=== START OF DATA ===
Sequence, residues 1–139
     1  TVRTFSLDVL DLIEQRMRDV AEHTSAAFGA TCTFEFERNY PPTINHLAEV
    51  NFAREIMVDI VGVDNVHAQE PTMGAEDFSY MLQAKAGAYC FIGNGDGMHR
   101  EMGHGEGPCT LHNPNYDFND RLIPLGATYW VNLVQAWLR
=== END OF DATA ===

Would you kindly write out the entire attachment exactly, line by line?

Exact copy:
Sequence, residues 1–139
     1  TVRTFSLDVL DLIEQRMRDV AEHTSAAFGA TCTFEFERNY PPTINHLAEV
    51  NFAREIMVDI VGVDNVHAQE PTMGAEDFSY MLQAKAGAYC FIGNGDGMHR
   101  EMGHGEGPCT LHNPNYDFND RLIPLGATYW VNLVQAWLR